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Active Share: Active Share measures the percentage of equity holdings in a representative portfolio that differ from the index constituents. It is calculated by summing the absolute difference of the weight of each holding in the representative portfolio versus the index and dividing by two.
Alpha: Alpha is a measure of performance on a risk-adjusted basis over a specified time period. Alpha takes the volatility (price risk) of a composite and compares its risk-adjusted performance to a benchmark index. The excess return of the composite relative to the return of the benchmark index is a strategy’s alpha.
Annualized Alpha: Annualized Alpha measures Alpha, as defined above, over a time period and annualizes it, or averages it, to provide the alpha on an annualized (12 month) basis, on average, for the time period. Annualized alpha is helpful when reviewing longer time periods to understand how a strategy has performed on average over the defined period.
Beta: Beta measures the relationship between the representative portfolio's excess return over T-bills (representing a risk-free rate) relative to the excess return of the portfolio's benchmark. A low beta does not imply that the representative portfolio has a low level of volatility; rather, a low beta means that the representative portfolio's market-related risk is low. Beta is often referred to as systematic risk.
Dividend Yield: A financial ratio that indicates how much a company pays out in dividends each year relative to its share price. Dividend yield is represented as a percentage and can be calculated by dividing the dollar value of dividends paid in a given year per share of stock held by the dollar value of one share of stock. The Dividend Yield listed by Granite is for a representative portfolio as a whole, as calculated by FactSet.
Downside Capture Ratio: The downside capture ratio measures a manager's composite performance in down markets relative to a particular benchmark. A down market is one in which the market's quarterly (or monthly) return is less than zero. For example, a ratio of 50% means that the portfolio's value fell half as much as its benchmark index during down markets.
Earnings Per Share (EPS): Earnings Per Share (EPS) is a company’s profits per share of common stock.
Estimated 3-5 Year Earnings Growth Rate: indicates the long-term forecasted EPS growth of the companies in the representative portfolio, calculated using the weighted average of the available 3-to-5 year forecasted growth rates for each of the stocks in the representative portfolio provided by FactSet estimates.
Excess Return: Excess return, which can be positive or negative, identifies the extent to which a composite has out- or underperformed its benchmark index. It is calculated as the composite’s total return minus the benchmark’s total return.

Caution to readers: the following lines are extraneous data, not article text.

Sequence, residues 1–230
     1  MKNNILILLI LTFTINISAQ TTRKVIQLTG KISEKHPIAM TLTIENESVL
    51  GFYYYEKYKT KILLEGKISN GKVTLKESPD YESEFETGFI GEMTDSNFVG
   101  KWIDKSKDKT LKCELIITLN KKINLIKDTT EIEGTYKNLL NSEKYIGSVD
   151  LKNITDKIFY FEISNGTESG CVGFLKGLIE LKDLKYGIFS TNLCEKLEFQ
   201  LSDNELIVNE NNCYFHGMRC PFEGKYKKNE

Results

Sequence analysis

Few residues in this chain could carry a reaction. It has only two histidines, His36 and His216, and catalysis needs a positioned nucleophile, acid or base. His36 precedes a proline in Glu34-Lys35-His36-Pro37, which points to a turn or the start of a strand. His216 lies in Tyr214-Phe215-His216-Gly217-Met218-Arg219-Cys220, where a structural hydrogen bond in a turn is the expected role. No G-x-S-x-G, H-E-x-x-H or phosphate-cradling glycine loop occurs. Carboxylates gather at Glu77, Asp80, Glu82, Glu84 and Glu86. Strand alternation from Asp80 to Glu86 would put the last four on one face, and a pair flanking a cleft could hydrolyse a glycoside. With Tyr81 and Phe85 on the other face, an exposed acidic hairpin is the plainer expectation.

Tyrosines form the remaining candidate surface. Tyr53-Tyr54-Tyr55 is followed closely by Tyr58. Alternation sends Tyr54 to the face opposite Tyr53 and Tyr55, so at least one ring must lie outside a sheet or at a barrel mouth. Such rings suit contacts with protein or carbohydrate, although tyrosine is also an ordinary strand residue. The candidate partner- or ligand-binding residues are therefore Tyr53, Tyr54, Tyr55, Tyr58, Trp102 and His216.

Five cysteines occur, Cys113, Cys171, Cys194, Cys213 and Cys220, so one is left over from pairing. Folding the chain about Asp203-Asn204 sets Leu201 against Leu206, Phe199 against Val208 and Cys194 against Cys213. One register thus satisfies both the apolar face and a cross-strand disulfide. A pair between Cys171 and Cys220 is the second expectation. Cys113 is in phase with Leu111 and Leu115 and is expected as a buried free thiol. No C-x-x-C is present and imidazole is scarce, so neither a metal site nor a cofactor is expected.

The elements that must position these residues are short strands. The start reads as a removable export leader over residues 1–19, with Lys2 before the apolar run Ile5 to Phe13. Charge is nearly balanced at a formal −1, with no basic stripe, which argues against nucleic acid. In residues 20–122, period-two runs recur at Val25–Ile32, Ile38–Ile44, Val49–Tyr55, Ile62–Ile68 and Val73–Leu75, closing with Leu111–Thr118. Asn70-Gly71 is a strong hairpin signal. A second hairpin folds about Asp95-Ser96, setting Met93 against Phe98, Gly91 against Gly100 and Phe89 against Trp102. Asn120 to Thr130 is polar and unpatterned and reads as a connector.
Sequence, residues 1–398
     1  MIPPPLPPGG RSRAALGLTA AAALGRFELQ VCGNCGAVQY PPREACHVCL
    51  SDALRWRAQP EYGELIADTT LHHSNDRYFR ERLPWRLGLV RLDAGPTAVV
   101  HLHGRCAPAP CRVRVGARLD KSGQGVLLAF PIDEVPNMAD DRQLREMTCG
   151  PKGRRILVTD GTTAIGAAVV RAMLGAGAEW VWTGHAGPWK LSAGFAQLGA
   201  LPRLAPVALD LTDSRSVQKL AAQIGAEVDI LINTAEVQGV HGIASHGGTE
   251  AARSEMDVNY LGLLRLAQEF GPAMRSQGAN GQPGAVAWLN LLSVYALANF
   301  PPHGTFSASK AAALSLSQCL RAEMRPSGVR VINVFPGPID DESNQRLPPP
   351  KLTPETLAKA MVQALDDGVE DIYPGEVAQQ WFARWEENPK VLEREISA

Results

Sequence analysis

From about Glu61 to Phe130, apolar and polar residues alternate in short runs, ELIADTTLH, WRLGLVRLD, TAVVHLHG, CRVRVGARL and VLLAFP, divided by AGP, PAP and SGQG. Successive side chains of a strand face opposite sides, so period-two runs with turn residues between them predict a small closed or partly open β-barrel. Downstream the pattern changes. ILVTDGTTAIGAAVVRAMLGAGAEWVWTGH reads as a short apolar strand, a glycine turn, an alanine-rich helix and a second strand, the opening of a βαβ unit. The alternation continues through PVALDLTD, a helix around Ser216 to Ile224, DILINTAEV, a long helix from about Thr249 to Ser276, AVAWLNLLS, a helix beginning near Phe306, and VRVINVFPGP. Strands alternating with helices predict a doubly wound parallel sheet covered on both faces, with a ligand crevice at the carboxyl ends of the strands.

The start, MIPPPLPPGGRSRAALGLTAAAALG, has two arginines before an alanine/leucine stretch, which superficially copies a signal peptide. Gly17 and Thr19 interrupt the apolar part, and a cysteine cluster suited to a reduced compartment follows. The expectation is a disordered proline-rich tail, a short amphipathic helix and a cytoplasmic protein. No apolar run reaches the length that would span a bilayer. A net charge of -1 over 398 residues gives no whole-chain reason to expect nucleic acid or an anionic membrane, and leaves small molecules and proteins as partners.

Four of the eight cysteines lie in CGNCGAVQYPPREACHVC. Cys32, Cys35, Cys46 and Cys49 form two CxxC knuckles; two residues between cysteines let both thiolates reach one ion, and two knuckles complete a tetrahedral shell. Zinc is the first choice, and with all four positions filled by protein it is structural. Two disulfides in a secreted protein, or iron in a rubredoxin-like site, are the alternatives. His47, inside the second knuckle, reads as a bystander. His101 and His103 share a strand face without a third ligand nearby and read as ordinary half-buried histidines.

Information Ratio: The information ratio (IR) measures a composite’s ability to generate excess returns relative to a benchmark, but also attempts to identify the consistency of the composite. The higher the IR, the more consistent a manager is.
Median Market Cap: The midpoint of market capitalization (market price multiplied by the number of shares outstanding) of the stocks in a representative portfolio. Half the stocks in the representative portfolio will have higher market capitalizations; half will have lower.
Price/earnings Ratio (P/E): Price/earnings (or P/E) ratio is a comparison of the company's closing stock price and its trailing 12-month earnings per share.
Price to Book: The price-to-book ratio (P/B Ratio) is a ratio used to compare a stock's market value to its book value. It is calculated by dividing the current closing price of the stock by the latest quarter's book value per share.
R2: measures how closely the Strategy’s composite performance correlates to the performance of the benchmark index, and thus is a measurement of what portion of its performance can be explained by the performance of the index. Values for R-Squared range from 0 to 100, where 0 indicates no correlation and 100 indicates perfect correlation.
Sharpe Ratio: The Sharpe ratio is calculated using standard deviation and excess return to determine reward per unit of risk. The higher the Sharpe ratio, the better the composite’s historical risk-adjusted performance.
Standard Deviation: Annualized standard deviation is a measure of the dispersion of a set of data from its mean. The more spread apart the data, the higher the deviation. Standard deviation is calculated as the square root of variance.
Tracking Error: Tracking error indicates the consistency of a composite’s excess return during that same time period. Tracking error measures the standard deviation of the excess returns a composite generates compared to its benchmark. If a manager tracks a benchmark closely, then tracking error will be low. If a manager tracks a benchmark perfectly, then tracking error will be zero.
Upside Capture Ratio: The upside capture ratio is a measure of a manager's composite performance in up markets relative to a particular benchmark. An up market is one in which the market's quarterly (or monthly) return is greater than or equal to zero. For example, a ratio of 50% means that the portfolio's value increased half as much as its benchmark index during up markets.
Weighted Average Market Cap: The weighted average of market capitalization (market price multiplied by the number of shares outstanding) of the stocks in a portfolio.

    Sources: Granite Investment Partners, LLC; FactSet; eVestment Alliance